According to Mike's Amazing World of DC the DP's debut in My Greatest Adventure #80 went on sale Apr. 18 1963, and The X-Men #1 Jul. 2. I suspect Marvel could've turned an issue around in that time, if the title was already on the schedule.

The question is what resemblances need explaining. These are the points that strike me:

-The resemblance I find most indicative of imitation is their leaders' both needing wheelchairs. 

-The cover of My Greatest Adventure #80 called the DP "a Legion of the world's strangest heroes", and they were afterwards called the "world's strangest heroes" on all but one of their covers up to The Doom Patrol #107. The X-Men were called "The Strangest Super-Heroes of All!" on The X-Men #1-#2. That suggests Marvel saw itself as competing with DC in the strange heroes stakes, if it was Marvel that was following suit.

-The DP saw themselves as cut-off from ordinary humanity by their powers, and the X-Men saw themselves as set apart by their mutanthood. But of the X-Men, initially only Cyclops viewed his powers as a curse like the DPers; and this could be a common debt to the Thing.

-Both teams had team uniforms, but as Chris said p.1 this was likely a common debt to Fantastic Four.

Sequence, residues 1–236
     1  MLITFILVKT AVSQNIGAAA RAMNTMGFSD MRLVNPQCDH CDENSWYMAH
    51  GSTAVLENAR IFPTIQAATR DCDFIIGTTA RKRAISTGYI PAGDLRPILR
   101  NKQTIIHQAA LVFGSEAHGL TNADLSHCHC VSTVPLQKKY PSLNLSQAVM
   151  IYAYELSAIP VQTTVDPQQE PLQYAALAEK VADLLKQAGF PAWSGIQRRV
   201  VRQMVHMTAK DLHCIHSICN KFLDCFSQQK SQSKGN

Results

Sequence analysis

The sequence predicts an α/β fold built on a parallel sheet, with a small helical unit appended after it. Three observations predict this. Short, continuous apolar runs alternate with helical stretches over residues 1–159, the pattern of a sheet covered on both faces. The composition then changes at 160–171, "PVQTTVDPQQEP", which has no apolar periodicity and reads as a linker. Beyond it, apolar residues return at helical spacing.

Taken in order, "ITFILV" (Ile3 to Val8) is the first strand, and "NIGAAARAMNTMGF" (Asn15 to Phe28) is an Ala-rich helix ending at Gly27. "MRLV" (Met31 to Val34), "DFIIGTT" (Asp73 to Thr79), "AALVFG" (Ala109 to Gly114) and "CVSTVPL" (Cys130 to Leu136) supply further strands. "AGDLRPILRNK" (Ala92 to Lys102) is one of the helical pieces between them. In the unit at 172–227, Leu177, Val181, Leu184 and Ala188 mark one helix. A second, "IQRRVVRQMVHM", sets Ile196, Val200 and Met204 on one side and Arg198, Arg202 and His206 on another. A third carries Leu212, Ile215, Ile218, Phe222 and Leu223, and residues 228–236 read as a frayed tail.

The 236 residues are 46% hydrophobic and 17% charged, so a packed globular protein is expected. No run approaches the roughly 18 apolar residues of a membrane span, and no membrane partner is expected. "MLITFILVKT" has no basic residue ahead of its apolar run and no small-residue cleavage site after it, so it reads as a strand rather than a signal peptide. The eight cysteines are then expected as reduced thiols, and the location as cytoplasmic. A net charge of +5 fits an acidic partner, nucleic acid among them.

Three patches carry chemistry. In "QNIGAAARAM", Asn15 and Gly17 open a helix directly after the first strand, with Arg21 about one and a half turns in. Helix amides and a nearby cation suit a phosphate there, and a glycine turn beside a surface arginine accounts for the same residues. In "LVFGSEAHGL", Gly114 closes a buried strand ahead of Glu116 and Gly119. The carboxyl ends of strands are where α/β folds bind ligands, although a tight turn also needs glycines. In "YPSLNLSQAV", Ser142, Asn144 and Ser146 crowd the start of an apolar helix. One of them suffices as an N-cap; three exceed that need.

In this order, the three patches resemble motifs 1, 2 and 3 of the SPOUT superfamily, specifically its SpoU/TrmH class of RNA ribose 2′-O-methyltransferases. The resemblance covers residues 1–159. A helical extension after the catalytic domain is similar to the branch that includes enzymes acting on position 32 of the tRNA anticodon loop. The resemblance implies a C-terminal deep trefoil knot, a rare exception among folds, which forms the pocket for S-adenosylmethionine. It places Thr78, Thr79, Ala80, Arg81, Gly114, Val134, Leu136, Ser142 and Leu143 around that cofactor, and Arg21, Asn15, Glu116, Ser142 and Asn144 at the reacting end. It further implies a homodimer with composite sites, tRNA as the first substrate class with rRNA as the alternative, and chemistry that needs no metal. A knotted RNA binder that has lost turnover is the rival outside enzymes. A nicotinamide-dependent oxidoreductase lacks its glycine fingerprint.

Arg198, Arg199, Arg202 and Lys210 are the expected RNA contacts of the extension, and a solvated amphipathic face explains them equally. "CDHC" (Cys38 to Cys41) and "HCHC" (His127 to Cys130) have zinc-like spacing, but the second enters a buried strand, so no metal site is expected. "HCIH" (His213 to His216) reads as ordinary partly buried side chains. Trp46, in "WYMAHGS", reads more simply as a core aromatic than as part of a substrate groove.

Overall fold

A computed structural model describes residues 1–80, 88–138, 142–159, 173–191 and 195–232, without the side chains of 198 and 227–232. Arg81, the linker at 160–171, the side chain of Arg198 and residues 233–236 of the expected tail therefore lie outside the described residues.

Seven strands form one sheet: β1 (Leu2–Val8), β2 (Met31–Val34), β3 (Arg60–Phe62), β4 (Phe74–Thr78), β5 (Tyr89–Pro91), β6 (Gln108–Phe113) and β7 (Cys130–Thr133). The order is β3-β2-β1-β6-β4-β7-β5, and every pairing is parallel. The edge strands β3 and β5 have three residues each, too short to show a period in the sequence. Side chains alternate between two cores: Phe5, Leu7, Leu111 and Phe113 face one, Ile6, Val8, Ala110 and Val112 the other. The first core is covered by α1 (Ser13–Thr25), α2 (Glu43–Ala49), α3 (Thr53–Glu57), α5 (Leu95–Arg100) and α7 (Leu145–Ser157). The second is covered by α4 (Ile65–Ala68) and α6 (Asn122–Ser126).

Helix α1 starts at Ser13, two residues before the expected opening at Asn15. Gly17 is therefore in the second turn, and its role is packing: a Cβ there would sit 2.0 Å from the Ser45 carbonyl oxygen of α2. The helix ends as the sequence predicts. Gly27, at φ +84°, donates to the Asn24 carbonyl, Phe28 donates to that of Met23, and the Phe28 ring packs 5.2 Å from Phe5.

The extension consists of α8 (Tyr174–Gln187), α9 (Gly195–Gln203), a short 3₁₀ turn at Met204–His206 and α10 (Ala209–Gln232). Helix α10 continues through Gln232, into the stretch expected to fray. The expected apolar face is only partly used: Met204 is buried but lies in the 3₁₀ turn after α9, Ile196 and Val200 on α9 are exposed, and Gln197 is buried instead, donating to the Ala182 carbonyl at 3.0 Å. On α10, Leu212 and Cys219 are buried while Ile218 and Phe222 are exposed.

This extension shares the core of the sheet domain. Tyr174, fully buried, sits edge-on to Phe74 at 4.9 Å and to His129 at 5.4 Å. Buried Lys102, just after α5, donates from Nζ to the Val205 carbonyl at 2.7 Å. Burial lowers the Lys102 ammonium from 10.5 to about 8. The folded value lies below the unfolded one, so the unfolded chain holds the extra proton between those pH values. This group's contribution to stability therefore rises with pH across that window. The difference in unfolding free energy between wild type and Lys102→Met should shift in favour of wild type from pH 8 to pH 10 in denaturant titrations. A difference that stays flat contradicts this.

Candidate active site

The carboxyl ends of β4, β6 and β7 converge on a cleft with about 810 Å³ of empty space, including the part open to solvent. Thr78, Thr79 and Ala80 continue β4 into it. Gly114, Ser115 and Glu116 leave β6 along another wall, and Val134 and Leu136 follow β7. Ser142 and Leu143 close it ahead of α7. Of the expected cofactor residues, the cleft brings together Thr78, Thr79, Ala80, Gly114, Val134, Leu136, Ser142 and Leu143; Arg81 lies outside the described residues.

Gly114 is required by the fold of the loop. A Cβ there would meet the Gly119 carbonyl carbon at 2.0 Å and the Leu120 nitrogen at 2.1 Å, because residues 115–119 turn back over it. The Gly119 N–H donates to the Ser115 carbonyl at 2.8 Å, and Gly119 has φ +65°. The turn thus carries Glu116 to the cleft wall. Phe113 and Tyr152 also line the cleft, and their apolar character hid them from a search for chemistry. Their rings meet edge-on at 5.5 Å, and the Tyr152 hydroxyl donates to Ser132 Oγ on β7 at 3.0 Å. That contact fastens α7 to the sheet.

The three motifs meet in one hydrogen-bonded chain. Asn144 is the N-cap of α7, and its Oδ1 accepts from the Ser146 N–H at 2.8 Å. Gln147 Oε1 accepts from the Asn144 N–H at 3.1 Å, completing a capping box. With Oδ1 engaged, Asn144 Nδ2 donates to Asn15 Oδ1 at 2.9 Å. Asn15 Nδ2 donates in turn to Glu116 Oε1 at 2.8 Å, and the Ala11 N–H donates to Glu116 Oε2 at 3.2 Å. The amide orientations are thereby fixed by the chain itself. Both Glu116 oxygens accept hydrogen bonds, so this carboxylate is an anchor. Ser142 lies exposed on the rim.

My theory is the Chief was based on the actor James Robertson Justice, who had similar facial hair and played strong-minded, bullying men. He played a man in a wheelchair in Murder She Said (1961), and a genius scientist in Very Important Person (1961).

I can imagine Martin Goodman hearing DC was doing a team of strange heroes, and ordering Lee to do something similar. I find it harder to imagine someone hearing "the leader of the team will need a wheelchair" and feeling the need to copy that. Perhaps Lee saw the first DP issue and had the element percolating in his brain when he created the X-Men. But that explanation only works if Marvel really could turn an issue around in two months.

Doctor Solar didn't get his visor costume until Doctor Solar #5 in Jun. 1963, a month before the X-Men's debut. I've seen it suggested that Cyclops was based on the Comet from the Golden Age.

I've read about the similarities between the Golden Age Comet and Cyclops too, Luke, but then the eye-beams was also just one of Superman's various powers, although he had absolute control over his eye-beams.  I have a hunch both Marvel & DC were playing like Mad's Spy vs. Spy, taking ideas wherever they could get them, "borrowing" them from one another as much as they could get away with it, although since Marvel was still very much the underdog at the time, much more on Marvel's part than DC's, although a few years later when DC felt Marvel hot on their heels, they started taking a much closer look at what was going on at Marvel.